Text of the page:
Stay Mad for Life

Stay Mad for Life by Jim Cramer with Cliff Mason.  This is the fifth book from the excitable and entertaining host of CNBC’s Mad Money and it is a significant departure from his two most recent volumes.  Those books focused on stock picking and trading with primarily a shorter-term perspective developed during his days as a hedge fund manager.  Stay Mad is more a general personal finance book, although the second half is heavy with investing advice with a longer-term outlook.  Most of the advice follows conventional wisdom: spend where necessary for housing, utilities and education, but try to save as much as possible for discretionary spending and investing.  Pay off credit card debt, create a feasible long-term budget and buy health and long-term disability insurance in order to prevent yourself from becoming poor if things go bad.  Contribute to your 401k and IRA accounts for retirement and then invest heavily in stocks over many years. 

He breaks from the crowd to some degree with his criticism of 401k plans as the primary retirement vehicle.  He feels that poor investment options and hidden high fees are such a drain on returns that individuals should only contribute enough to receive matching funds from their employer.  After doing that and contributing to an IRA, he feels a non-professional investor is better off with a portfolio of five to ten stocks than adding to the 401k.  As he does in his previous books, he insists that if you’re going to buy stocks, then you need to do one hour per week of maintenance research on each stock you own.  If you’re not willing to do this homework, then he suggests not buying stocks at all.  Instead, use index funds and ETFs which are broad-based and not sector exclusive.  He feels that without this weekly research individuals will just end up losing money.

The large section of the book on investing is full of lists: 20 rules for investing (several overlap, so it’s more like 15), seven things pros do right and amateurs do wrong, five sectors and twenty stocks for the future (of which I own only two, but have five more on my shopping list), and thirteen mutual funds you might consider. 

While I respect his experience in the field and enjoy watching his show on tv, I don’t always agree with his rules and ideas.  However, that’s specifically why I read his books, because his ideas force me to defend my own investing philosophy.  Frequently I will find myself staring at the same page for several minutes while I conduct an imaginary debate on a topic in my head.  It’s an excellent exercise for anyone doing their own investing.  In the past, I’ve disagreed with him more, primarily because those earlier books had a short-term perspective.  I found the investing rules in Stay Mad to be much more in line with my own.  However, I thought his mutual fund analysis a bit skimpy, resulting in too many similar funds.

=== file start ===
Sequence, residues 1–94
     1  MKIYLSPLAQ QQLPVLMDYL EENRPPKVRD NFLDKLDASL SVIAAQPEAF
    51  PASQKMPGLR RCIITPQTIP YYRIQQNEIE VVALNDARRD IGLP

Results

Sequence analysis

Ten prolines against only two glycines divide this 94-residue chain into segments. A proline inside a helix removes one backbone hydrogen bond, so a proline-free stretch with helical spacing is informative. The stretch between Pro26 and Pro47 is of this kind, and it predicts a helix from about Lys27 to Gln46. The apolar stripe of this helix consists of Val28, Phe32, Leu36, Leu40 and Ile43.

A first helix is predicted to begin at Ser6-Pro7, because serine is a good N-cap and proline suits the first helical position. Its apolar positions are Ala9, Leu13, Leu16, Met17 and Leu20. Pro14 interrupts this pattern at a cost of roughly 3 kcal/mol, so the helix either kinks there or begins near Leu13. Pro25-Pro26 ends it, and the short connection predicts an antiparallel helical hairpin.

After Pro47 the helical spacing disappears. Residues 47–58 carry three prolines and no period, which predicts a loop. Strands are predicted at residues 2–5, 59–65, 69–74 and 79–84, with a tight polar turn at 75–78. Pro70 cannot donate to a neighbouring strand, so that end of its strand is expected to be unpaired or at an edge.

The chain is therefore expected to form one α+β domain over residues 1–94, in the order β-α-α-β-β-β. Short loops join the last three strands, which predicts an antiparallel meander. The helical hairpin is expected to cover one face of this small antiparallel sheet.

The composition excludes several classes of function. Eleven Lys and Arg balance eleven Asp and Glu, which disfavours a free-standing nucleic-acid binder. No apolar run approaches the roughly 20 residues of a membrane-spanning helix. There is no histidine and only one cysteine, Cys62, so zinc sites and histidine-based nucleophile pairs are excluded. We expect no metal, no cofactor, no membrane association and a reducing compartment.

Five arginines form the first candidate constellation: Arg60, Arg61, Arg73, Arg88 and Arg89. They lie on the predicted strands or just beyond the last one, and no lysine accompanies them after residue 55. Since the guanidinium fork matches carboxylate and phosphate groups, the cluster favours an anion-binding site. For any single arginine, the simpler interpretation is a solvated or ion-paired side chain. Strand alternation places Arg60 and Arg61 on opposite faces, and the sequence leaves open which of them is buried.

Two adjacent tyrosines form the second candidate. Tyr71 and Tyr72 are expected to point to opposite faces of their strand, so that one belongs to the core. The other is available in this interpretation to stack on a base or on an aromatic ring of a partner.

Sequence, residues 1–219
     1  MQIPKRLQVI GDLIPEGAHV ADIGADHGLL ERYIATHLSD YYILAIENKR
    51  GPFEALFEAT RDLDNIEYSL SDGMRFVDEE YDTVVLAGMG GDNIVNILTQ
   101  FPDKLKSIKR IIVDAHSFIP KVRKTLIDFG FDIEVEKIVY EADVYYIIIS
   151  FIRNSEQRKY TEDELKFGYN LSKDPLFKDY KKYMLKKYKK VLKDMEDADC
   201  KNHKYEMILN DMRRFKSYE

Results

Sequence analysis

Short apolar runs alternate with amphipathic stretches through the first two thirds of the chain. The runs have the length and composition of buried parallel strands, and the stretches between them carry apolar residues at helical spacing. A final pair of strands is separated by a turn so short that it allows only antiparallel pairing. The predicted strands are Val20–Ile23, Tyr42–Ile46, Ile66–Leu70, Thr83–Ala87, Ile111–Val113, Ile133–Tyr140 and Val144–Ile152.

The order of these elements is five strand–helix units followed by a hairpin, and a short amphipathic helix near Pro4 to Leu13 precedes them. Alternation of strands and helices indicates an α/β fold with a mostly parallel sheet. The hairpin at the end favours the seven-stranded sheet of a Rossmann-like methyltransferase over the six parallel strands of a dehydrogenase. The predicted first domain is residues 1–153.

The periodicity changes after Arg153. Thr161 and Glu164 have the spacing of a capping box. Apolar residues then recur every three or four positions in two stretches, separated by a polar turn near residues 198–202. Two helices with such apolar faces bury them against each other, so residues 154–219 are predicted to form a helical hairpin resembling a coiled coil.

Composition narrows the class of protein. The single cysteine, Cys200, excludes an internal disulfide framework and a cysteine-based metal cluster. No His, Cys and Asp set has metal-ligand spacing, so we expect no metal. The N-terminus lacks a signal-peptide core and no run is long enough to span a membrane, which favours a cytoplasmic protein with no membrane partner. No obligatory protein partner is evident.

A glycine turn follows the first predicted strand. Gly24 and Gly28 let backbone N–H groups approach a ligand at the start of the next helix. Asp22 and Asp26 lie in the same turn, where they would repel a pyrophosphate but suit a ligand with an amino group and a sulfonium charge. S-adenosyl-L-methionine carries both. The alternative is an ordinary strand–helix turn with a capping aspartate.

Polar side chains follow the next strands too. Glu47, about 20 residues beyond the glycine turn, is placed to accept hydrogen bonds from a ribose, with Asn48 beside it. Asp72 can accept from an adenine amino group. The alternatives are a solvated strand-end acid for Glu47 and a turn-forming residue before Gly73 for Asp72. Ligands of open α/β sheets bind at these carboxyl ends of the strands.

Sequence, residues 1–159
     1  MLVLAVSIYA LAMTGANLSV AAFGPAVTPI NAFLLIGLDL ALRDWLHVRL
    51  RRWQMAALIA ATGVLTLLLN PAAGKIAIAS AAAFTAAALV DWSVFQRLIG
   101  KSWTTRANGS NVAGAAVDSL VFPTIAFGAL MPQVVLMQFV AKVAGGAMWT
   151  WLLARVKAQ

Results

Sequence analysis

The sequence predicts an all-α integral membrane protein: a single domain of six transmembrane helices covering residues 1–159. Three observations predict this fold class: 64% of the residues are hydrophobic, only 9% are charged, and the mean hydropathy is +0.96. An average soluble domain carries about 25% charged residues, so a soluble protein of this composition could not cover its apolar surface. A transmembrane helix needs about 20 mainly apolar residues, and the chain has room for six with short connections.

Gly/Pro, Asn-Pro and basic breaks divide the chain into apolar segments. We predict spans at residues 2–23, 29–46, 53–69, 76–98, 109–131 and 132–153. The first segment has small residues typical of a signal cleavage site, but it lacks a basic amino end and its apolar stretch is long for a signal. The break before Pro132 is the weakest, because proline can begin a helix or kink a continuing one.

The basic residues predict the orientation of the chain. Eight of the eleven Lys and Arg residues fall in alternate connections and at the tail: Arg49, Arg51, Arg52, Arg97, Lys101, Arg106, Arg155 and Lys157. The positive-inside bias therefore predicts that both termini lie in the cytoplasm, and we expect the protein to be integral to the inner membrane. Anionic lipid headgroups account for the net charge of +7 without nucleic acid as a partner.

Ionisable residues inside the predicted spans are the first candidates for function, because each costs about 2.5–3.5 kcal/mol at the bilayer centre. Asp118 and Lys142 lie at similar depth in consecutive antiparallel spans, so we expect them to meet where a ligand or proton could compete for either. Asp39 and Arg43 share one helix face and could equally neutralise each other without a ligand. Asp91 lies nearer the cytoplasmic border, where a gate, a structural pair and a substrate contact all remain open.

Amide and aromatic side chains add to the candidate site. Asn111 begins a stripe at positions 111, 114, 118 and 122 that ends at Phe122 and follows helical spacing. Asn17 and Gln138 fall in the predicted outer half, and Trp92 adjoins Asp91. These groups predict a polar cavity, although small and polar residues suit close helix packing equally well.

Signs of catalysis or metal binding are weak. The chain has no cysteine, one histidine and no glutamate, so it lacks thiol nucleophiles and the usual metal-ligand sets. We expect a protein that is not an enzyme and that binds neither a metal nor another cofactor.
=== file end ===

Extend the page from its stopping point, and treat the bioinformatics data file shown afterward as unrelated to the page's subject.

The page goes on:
I would suggest an alternative for those who feel they couldn’t do the weekly homework Cramer insists upon.  Create a portfolio of ten stocks from different sectors and do an hour of research on two or three of them each week, rotating through the ten over the course of a month.  These are all supposedly long-term investments, so a monthly check-up should be sufficient.  In addition, do two hours of general research by reading business and news publications, watching shows like Mad Money, listening to your kids and younger colleagues about fashion trends and products in order to generate new investing ideas.  Then, do four hours of research each week on these new ideas to narrow them down to the best and to create a future shopping list with purchase price targets.  If a new idea is better than one of your existing ten and maintains the diversity of the entire portfolio, then make the switch.

I’d love to get Cramer, Suze Orman, and Kimberly Lankford, my favorite columnist from Kiplinger’s together for a round table debate on some of these topics.

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